A New York couple is accused of stealing more than $1 million from their
disabled son's trust after his death. The boy was born disabled because
of negligent medical care during his delivery. His supplemental needs
trust was established when the hospital paid $2 million after a lawsuit.
Supplemental needs trusts are often created to ensure special needs children
still qualify for public assistance programs. These trusts are highly
beneficial because the child will be protected even after the parents'
death. Supplemental needs trusts are also advantageous because the parents
can designate a trustee to ensure the assets are used to help the child.
Sadly, the parents in this case outlived their child, and allegedly misused
The trust allowed the boy to qualify for Medicaid, but it was supposed
to reimburse New York's Human Resources Administration after his death
for the medical expenses. The parents were named as joint trustees and
received $150,000 immediately after the lawsuit. They would receive any
remaining funds after paying HRA back.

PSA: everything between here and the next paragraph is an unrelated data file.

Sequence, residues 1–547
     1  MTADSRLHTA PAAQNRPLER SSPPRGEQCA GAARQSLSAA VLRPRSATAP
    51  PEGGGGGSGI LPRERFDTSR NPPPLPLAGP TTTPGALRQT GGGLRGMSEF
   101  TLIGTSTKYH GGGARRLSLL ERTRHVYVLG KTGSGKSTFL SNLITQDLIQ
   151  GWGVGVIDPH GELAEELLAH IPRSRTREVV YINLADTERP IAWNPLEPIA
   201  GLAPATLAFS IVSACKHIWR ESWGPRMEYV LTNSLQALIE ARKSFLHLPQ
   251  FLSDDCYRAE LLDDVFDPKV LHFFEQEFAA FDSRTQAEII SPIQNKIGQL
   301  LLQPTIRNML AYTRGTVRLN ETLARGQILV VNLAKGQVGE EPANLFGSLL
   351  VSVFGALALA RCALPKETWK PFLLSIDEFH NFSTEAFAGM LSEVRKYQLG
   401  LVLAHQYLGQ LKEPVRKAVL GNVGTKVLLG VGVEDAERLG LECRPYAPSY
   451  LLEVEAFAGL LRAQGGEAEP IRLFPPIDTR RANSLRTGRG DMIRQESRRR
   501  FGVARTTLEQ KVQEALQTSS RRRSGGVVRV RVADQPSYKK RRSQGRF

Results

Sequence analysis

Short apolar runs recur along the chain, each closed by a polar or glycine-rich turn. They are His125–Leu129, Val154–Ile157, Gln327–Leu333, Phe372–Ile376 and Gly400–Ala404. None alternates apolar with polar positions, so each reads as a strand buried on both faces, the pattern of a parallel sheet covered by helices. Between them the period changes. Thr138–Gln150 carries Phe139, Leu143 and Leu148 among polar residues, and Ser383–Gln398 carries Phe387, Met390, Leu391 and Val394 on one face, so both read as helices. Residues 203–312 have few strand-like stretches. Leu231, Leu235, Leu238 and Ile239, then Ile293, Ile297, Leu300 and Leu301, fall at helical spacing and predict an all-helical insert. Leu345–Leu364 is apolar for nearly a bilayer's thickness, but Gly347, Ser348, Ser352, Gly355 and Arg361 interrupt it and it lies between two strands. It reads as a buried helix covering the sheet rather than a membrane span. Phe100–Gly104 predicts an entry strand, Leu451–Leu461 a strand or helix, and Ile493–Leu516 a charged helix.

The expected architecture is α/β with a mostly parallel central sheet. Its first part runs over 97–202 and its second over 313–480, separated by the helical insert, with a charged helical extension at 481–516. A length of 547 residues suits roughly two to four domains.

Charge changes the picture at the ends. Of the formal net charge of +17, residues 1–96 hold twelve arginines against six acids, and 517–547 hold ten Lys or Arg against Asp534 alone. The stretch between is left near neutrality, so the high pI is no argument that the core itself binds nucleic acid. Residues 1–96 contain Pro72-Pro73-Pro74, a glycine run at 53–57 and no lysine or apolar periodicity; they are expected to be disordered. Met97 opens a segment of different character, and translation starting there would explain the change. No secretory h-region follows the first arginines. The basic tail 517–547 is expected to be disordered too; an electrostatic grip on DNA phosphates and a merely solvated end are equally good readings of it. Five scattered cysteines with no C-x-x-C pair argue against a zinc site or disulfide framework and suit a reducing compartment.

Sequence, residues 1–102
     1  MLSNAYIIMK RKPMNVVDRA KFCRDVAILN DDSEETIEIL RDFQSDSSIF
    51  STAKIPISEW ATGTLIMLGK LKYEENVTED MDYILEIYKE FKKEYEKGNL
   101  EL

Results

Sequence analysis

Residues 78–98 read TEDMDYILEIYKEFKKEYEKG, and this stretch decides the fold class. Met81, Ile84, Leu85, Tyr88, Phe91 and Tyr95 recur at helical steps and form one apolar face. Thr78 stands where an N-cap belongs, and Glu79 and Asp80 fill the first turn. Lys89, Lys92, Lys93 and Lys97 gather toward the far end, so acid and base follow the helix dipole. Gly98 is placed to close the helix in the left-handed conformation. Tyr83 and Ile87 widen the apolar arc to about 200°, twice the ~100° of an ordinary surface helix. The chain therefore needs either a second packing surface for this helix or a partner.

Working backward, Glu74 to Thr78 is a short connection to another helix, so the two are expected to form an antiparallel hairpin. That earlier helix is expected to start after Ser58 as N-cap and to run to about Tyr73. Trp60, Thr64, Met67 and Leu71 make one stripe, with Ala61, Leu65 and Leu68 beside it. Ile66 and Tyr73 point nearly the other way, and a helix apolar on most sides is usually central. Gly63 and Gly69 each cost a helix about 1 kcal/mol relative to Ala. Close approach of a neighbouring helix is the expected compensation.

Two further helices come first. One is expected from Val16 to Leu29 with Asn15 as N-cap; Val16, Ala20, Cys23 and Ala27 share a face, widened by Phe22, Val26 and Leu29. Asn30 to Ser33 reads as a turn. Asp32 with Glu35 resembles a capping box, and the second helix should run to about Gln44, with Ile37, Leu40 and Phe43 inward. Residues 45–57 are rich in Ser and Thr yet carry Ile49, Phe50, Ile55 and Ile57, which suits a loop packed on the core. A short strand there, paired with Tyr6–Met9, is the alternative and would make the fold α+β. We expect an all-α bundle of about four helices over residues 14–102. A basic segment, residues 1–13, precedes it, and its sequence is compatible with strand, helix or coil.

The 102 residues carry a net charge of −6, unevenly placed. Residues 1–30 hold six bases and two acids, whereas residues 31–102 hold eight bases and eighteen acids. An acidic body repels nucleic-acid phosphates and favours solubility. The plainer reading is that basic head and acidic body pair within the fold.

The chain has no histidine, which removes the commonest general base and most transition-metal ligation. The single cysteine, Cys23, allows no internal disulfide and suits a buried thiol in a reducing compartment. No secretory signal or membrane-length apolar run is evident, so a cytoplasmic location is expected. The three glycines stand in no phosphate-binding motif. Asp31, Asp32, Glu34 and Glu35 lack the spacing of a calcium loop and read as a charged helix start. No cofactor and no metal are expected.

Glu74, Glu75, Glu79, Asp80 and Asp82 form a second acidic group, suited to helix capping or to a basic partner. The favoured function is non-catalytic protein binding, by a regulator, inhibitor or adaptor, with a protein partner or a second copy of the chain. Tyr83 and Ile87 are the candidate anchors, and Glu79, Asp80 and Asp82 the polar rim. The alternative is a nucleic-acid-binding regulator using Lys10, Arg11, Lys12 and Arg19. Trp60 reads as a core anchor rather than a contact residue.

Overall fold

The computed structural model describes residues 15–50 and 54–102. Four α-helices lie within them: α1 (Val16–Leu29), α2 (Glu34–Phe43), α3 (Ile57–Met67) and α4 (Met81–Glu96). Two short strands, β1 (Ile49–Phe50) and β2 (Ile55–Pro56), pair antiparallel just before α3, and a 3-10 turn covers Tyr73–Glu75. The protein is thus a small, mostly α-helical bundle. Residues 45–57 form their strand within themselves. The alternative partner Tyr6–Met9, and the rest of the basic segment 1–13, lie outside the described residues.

The grand larceny charges allege that the state made repeated efforts to
collect the $1.8 million spent on the boy's medical care. No withdrawals
were made during the boy's 15 years, which were spent in an institution.
Between the boy's death in 2008 and the parents' arrest, more
than $1 million was removed from the account.
Stories like this are an unfortunate occurance because supplemental needs
trusts help many good people. While there are the rare cases of misuse,
such as in this instance, the reporting of it in the media may skew the
perception that people abuse this kind of trust. In fact, it is most often
used as intended and highly beneficial.
Source: The Wall Street Journal, " NYC DA: Parents stole from disabled son's
trust," April 17, 2012